Sickness and the system
Who are drugs and medicines produced for and why are they produced? The rational answer (in a rational scheme of things) would be that they are to prevent or cure illness and promote well-being. However, we live under capitalism and, as we know, this means things don’t work that way. A striking example of the priorities of drug production in the capitalist system was given the Channel 4 programme Unreported World on 22 September.
This programme was about the rising incidence of sleeping sickness, a lethal disease carried by the Tsetse fly, in Sudan. After being almost eradicated during the 1960s this horrible disease is back with a vengeance. The situation is grim and you might be forgiven for thinking this might be because there is no effective treatment. In fact there is. it is known as DFMO. However, it is not an option as it is not being manufactured at an affordable price. In short, no pharmaceutical company is actually producing an existing treatment for sleeping sickness as there would be no profit in doing so. While it is needed desperately this medicine is thus withheld and for the lack of DFMO medical workers are forced to treat people using arsenic, of all things.
Some interesting facts came out during the report. Only one in every hundred drugs is developed for what are known as tropical diseases (diseases, that is, which occur in areas of the world where the majority of humanity lives). Of those that are, apparently many are by-products of different research. As there is seen to be no profit in producing drugs for people and health services who have little or nothing to buy them with the research is just not done. it is known for instance that really effective protection against malaria is a scientific possibility, but that it won’t see the light of day because the research wouldn’t be profitable for drug companies. The breakthroughs which could be achieved if scientific knowledge was not enslaved by the profit system don’t take much imagining.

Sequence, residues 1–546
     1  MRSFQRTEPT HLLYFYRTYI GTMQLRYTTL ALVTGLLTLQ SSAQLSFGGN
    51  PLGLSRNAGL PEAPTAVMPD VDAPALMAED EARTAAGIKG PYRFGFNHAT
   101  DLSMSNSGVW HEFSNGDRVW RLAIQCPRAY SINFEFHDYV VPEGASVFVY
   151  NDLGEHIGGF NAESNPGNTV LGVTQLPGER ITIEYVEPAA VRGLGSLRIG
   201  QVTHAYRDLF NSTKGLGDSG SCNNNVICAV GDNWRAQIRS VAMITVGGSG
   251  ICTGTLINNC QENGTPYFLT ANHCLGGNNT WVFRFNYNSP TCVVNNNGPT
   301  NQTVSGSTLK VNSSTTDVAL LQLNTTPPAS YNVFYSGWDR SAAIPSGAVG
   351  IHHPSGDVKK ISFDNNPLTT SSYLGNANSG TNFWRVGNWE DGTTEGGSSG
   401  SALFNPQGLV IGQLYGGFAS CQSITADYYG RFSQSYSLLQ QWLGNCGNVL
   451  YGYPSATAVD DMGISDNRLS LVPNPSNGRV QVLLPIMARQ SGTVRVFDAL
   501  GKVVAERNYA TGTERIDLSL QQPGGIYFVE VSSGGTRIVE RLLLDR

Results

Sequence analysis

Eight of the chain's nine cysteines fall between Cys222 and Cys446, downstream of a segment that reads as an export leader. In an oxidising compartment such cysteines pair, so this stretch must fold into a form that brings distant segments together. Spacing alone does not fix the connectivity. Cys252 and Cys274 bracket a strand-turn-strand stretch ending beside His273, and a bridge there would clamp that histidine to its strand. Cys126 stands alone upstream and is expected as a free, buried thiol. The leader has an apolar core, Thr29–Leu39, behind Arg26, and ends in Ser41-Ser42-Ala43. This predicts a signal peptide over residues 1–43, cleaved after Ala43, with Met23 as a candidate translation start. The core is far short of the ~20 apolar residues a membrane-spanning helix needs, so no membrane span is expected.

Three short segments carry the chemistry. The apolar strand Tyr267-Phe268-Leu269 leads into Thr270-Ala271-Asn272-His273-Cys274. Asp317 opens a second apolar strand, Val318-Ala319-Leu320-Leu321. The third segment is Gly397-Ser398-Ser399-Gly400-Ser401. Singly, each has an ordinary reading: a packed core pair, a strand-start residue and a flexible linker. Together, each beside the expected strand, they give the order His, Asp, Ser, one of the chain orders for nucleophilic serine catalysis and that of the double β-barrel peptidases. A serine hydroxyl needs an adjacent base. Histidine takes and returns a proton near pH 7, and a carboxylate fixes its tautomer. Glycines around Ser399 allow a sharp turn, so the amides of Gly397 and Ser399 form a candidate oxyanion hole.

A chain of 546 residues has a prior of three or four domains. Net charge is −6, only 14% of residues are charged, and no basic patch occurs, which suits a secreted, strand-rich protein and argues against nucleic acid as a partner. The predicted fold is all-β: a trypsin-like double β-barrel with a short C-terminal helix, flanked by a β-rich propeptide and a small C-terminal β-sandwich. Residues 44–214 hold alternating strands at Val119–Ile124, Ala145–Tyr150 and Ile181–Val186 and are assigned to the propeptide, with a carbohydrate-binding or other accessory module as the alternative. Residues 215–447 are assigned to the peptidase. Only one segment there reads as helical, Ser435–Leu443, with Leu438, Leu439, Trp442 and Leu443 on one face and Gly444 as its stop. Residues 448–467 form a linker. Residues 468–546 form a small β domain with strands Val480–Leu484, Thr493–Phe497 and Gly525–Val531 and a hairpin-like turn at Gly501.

The sick twist in the tale of sleeping sickness in Sudan was that the only hope of DFMO becoming an affordable treatment for those who need it there is the drug’s other known property—it slows facial hair growth. It is possible that DFMO may be marketed by Gillette as a cosmetic product and that this might lead to the price dropping enough for it to be affordable for the treatment of sleeping sickness. After the heart-breaking sight of a little child in terrible distress being given a spinal tap to see if the disease had entered her brain the truly disgusting nature of the upside-down priorities of capitalism could hardly be clearer. The answer to the earlier question is of course that drugs and medicines are produced with a view to yielding a profit. If people’s needs don’t fit in with this, then so much the worse for us.
During a chat I was having recently my mum, a professional nurse, commented that if people weren’t allowed medicines then what was the bloody point of making them. We were talking about a similar no profit—no treatment situation here in this country: namely working-class people with Multiple Sclerosis being denied access to the drug Interferon due to it being “too expensive”. The same goes for everything else; food, housing, clothes, electrical goods—if people can’t have them then what is the point of producing them? To sell or withhold them in the pursuit of profit as the boss class decides. All that wealth, produce and technology utterly wasted when it could be used for the benefit of us all.
The real question is not about whether we can afford medicine. It is about whether we can afford the profit system and the capitalist class. Whether we live in Sudan or in England, the answer is no. The sooner we get on and dump them the better.